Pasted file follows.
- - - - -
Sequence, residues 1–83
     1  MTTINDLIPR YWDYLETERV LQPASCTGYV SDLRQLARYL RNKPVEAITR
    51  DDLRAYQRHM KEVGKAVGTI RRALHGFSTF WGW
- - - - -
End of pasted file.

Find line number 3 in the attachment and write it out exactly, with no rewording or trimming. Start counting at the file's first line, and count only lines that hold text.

    51  DDLRAYQRHM KEVGKAVGTI RRALHGFSTF WGW